Friday, September 26, 2014
Jackson Biko is a Kenyan writer. He recently applied for a visa to visit the U.K. and was denied. He then blogged about his experience, which went viral. Here are a few choice excerpts:
Last week I spent four hours applying for a visa to travel to the UK. Yesterday when I picked up my passport, with it was a letter from the Home Office denying me a visa. The letter reeked of British snobbery, delivering underhanded “insults” with words like “onus”.
There was no signature at the end of the letter. Like those cowardly guys who use anonymous twitter handles to pick fights online.
I’m not worthy of the United Kingdom because of the risk I may refuse to come back home. Because I may cling onto the next white man’s leg, as immigration drags away me to Heathrow, to toss me back to Africa on the next flight out. The lure of the United Kingdom is so overpowering that once I step on that hallowed soil, I will instantly forget my wife and two kids and all my friends. The homeboy at the Home Office isn’t convinced that I’m content with what I have at home.
But those words, “balance of probabilities” stayed with me. They will haunt me for a while. The Home Office meant that the probability of me hiding in the United Kingdom was too much for their great kingdom to fathom. That I would leave my flourishing career, my family and my friends, our sandy beaches to disappear among the unappealing misty rain soaked hills of England.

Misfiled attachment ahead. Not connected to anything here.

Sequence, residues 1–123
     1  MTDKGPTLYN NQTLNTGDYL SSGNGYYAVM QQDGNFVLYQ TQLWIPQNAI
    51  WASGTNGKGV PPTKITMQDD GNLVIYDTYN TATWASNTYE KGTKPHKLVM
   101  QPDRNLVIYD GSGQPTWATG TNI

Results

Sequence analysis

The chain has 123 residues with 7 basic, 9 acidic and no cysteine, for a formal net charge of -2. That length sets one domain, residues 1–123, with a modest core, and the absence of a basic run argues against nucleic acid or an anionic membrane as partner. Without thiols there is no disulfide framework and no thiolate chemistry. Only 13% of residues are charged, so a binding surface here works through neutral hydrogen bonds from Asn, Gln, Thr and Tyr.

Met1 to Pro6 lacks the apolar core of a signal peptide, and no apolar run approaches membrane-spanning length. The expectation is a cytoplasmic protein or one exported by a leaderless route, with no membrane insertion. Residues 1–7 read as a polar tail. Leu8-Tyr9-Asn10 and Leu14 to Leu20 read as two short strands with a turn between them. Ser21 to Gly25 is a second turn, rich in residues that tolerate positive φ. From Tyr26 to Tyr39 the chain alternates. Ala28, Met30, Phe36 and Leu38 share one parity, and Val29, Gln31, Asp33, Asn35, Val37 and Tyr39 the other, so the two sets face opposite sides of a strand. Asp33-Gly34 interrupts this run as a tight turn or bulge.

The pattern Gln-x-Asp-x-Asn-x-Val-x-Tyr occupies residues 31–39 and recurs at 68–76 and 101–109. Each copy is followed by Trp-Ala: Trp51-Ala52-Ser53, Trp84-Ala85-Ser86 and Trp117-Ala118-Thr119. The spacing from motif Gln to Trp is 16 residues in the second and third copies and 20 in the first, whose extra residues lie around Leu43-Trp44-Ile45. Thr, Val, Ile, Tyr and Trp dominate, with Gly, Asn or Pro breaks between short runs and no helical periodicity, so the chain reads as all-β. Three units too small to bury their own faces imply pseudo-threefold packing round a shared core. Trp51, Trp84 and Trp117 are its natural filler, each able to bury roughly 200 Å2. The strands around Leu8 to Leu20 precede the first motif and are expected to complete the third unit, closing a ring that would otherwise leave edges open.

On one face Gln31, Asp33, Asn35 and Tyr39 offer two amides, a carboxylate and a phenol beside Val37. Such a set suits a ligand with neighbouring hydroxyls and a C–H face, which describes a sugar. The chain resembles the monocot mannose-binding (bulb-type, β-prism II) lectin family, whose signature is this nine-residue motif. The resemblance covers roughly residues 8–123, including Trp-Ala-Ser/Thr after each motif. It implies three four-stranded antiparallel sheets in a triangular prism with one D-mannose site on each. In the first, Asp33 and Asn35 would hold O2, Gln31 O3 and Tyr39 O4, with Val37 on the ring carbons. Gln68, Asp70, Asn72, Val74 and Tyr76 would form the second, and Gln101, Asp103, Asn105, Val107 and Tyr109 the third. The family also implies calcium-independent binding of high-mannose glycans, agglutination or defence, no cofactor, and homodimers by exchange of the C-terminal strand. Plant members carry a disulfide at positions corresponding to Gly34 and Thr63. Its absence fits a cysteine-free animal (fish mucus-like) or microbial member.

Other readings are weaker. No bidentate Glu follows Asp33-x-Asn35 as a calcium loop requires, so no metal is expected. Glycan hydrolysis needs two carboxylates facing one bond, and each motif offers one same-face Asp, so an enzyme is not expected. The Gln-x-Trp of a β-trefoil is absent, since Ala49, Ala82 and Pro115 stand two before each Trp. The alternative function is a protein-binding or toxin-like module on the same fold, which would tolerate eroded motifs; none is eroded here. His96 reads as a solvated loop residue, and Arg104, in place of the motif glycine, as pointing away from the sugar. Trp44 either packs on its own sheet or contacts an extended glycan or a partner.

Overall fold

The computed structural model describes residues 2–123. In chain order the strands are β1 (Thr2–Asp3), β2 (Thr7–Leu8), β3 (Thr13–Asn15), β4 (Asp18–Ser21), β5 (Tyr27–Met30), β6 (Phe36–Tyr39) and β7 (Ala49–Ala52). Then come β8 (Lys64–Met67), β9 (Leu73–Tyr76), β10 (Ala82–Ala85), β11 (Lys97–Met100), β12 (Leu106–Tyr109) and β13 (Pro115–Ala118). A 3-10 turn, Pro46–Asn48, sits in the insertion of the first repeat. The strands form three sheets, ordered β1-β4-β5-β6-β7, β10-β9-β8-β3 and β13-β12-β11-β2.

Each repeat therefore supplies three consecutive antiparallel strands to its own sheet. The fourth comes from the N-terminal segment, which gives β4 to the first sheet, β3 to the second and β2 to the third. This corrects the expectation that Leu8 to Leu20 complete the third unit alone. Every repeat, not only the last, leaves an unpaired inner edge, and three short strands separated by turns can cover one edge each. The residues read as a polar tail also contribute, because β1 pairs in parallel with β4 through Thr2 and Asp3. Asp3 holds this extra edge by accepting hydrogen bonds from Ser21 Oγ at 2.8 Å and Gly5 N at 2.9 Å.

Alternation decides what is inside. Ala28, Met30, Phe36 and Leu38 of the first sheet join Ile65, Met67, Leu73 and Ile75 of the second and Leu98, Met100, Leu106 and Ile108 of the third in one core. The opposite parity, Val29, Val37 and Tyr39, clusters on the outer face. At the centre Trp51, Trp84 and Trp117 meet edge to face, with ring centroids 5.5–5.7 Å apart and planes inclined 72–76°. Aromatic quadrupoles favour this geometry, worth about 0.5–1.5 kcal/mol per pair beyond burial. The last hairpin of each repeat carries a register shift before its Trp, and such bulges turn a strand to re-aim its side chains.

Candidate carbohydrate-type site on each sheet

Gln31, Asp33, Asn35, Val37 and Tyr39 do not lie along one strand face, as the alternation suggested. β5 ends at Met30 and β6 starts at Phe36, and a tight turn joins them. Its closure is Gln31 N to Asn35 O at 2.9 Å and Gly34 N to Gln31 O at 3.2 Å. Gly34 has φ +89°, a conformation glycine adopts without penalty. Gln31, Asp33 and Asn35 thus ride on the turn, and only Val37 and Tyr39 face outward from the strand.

What is so intriguing about this story is that the blog post led the U.K. High Commissioner to Kenya issuing a direct response! Commissioner Turner noted that his office approves nearly 75% of visa applications from Kenya, and that most refusals relate to lack of sufficient supporting documentation. He goes on to write:
Being refused a visa is not a nice experience. At the very least, it’s an inconvenience. For some it will be much worse than this. It can feel like a personal slight on your character, impersonally delivered by a cold bureaucracy. But you are not powerless in this process.
Your own actions do greatly affect the outcome of your application, and you have the right of appeal.
An appeal? Hm. I take it the UK doesn't follow our position on "consular absolutism"?